The key to doing all of those things without him and being happy in the process was to appreciate what I did have instead of pouting and morning over what I did not have. Sure I would have liked for us to do those things together, but that was not the option that was good for me. An attitude of gratitude helped me to get off my pity-pot when he was a no show or when he had had to much to drink that he couldn’t participate. I did not have to have him go for me to enjoy those things.

Another big step for me was learning that I did not have to lie or make excuses for him. When people ask me where Jon was, I simply said that he could not make it. I did not owe anyone an explanation and I did not give it. These little baby steps empowered me to take control of my life.

How I found self-respect

There is a saying that when you have been put in your place long enough you become that place. There is also a saying that ignorance is bliss. But, ignorance is not bliss when all that you have been told about yourself is negative. Growing up I lived two lives. Reality and fantasy. Reality was hurtful. Fantasy was created through books, movies and TV. The only reason I knew that there was anything different from the hurt in my world was through the books, movies and TV. I fantasized about prince charming saving me and living happy ever after.

I left home at 18, married an alcoholic. My alcoholic was a pretty good guy. He did not talk down to me. He was proud of my accomplishments no matter how small, and he made me feel special right until day when I tried to interfere with his drinking. To be honest with you his drinking saved my life and my sanity, and at the same time it destroyed and killed him.

Sometimes anger is a good thing. I was angry with my parents, I was angry with my alcoholic husband and his family, but most of all I was angry with myself. I felt undeserving and thought that I must really be a bad person or else my life would not be this way. At the same time I could not figure out what I had ever done that was so bad that would make all of the important people in my life want to hurt me. I had tried so desperately to please them all. Why couldn’t they love me? Was I born defective? What was so wrong with me that they would keep hurting me? Why did I put up with it?

I was completely defeated. The pain was so bad that I did not even resist when a friend showed up at my door one day, made me get dressed and took me to my first meeting. I did not have anywhere else to go so I went with her. Because of his drinking I kept going to those 12 Step recovery meetings and that program changed my life forever. They told me from the very beginning that my meeting was for and about me.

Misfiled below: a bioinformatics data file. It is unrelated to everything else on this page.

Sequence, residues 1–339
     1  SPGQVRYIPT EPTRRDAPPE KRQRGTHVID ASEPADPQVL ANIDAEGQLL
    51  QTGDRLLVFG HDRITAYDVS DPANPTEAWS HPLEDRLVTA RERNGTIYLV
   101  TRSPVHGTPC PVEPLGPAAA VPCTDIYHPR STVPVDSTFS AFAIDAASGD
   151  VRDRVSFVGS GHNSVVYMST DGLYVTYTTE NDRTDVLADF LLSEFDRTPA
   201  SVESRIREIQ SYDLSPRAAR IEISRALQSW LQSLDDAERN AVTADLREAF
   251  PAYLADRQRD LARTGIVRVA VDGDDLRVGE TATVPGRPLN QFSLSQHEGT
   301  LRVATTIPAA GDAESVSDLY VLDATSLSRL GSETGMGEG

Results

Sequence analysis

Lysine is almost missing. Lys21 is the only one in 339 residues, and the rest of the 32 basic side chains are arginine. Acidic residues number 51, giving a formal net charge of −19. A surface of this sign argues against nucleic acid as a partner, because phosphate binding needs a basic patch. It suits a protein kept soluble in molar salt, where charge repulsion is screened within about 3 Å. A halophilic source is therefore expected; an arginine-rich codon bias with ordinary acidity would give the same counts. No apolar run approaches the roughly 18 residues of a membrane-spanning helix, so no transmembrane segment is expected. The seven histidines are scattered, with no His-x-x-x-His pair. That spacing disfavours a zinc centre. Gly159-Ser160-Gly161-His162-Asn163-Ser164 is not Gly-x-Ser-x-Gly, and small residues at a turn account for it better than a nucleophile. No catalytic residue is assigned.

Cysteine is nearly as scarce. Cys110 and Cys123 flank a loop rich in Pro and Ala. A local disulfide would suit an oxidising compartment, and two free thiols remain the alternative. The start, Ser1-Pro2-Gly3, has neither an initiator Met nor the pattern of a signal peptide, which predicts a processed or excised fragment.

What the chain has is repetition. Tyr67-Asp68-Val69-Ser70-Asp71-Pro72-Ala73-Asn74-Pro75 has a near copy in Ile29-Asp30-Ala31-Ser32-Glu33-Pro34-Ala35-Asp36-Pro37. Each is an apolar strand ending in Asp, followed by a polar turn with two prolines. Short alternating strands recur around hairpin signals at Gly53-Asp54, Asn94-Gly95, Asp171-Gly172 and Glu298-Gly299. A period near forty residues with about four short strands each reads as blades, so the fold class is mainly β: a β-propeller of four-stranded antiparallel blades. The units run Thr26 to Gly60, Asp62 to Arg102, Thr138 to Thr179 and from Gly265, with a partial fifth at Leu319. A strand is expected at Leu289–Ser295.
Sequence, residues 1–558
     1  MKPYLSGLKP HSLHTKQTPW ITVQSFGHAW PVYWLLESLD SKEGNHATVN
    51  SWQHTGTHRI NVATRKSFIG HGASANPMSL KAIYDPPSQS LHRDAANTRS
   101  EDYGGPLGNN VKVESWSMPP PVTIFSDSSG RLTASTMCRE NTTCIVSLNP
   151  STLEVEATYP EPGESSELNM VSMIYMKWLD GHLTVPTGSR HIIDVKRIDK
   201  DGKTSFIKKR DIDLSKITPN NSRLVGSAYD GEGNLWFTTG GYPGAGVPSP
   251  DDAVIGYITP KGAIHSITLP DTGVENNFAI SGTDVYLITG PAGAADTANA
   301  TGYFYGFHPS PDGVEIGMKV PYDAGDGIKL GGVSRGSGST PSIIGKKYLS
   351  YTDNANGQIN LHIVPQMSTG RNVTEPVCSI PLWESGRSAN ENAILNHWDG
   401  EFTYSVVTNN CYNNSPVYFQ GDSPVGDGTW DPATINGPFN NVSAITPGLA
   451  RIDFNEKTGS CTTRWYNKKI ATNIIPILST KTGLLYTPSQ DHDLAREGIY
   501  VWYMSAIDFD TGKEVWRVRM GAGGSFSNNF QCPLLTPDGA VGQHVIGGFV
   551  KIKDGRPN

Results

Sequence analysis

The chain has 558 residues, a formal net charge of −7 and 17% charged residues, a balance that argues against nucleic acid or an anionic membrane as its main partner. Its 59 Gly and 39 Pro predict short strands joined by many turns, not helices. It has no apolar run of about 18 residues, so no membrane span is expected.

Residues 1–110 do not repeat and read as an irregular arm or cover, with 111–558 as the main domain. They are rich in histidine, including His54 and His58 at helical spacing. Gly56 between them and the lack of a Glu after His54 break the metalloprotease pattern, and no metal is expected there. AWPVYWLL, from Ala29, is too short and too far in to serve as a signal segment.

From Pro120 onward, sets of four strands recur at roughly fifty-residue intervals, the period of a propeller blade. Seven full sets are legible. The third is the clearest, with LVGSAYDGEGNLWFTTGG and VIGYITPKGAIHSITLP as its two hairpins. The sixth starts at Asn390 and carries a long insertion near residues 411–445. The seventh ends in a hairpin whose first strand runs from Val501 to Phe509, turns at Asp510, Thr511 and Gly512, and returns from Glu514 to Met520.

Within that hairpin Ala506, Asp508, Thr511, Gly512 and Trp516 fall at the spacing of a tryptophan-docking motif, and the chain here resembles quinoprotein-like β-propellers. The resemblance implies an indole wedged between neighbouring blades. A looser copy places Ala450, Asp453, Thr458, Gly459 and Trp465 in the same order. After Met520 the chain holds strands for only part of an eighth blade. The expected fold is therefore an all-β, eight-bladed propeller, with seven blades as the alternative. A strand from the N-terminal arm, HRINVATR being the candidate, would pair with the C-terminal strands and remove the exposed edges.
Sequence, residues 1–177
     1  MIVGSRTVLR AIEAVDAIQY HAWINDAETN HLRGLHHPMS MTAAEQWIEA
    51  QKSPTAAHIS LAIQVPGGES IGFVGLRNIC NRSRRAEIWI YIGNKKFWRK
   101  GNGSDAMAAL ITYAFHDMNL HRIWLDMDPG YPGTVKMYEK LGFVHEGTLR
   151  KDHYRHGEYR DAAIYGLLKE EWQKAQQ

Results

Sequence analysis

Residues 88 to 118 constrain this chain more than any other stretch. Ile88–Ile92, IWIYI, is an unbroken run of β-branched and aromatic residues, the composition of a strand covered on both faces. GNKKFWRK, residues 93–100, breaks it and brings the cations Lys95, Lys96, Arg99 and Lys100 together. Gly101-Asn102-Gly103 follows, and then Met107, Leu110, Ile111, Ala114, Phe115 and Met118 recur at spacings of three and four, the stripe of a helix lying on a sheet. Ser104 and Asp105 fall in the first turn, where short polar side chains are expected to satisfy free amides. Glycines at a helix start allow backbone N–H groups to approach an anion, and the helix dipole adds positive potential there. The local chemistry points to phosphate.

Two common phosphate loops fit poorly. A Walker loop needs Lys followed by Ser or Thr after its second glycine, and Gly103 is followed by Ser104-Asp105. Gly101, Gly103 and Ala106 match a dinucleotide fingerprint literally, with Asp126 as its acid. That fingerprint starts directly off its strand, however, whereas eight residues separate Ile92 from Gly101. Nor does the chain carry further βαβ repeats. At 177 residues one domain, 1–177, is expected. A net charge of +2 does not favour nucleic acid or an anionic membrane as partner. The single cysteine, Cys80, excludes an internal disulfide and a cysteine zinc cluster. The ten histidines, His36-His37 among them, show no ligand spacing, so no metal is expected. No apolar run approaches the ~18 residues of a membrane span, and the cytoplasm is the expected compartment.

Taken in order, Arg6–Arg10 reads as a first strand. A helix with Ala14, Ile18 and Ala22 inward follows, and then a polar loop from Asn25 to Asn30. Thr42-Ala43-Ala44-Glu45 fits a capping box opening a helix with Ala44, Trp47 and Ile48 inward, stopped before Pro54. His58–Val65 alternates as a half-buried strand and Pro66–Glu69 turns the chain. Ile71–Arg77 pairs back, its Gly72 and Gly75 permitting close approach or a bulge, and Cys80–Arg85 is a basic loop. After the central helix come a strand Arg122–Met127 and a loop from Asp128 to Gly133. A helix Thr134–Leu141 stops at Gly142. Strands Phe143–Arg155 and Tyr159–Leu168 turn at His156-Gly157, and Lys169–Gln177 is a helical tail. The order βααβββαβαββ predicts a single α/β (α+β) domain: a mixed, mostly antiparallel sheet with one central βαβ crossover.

Until recovery I had always believed that my happiness was going to come through someone else; I just had to figure how to make them make me happy. Then the first step hit me right between the eyes. I was powerless to make anybody else do anything. My life was out of control. Even though that first step doesn’t say it my sponsor reminded me that I was not powerless over me. I could choose to be a victim or I could choose to be free.

The second and third steps – believing and trusting in a power greater than me – was the solution to the first step. I am powerless, I can’t do it, God can and I am going to let him. The 4th step helped me to understand the sequence of events in my life that had stripped away my dignity and self-respect. It showed me how I deceived myself through denial to accept unacceptable in my life. In other words I had some responsibility in the inadequacies that I felt. That was the first hint that in order for me to be happy I was going to have to make a decision that I was worth more than I was accepting in my life.

Each step helped me to understand what I needed to do to be a complete person. I really could be happy whether he was drinking or not. But, being happy whether he was drinking or not was a bitter sweet experience for me. You see the reason that this program saved my life and my sanity was because of a choice I made to give this program a try. The reason that it destroyed and killed my husband was a choice that he made not to work his program. I had no joy in watching him self destruct but I did have peace that I was no longer participating in his chaos. Recovery programs are not for everyone – only the people who want them.

Grant me the Serenity

In the first sentence of the Serenity Prayer we ask God for the serenity to accept things we cannot change and to have the courage to change things we can. There is no doubt about it there are situations in our life that we are completely powerless to change.  I must confess their have been times that my powerlessness has not stopped me from trying anyway. I knew what I wanted. I had a belief about how it should be so I tried to force my solution. Of course I drove myself crazy trying to do the impossible. Many times I would get angry and resentful and some time terribly afraid because things were not the way I wanted them to be. The operative words are accept and serenity.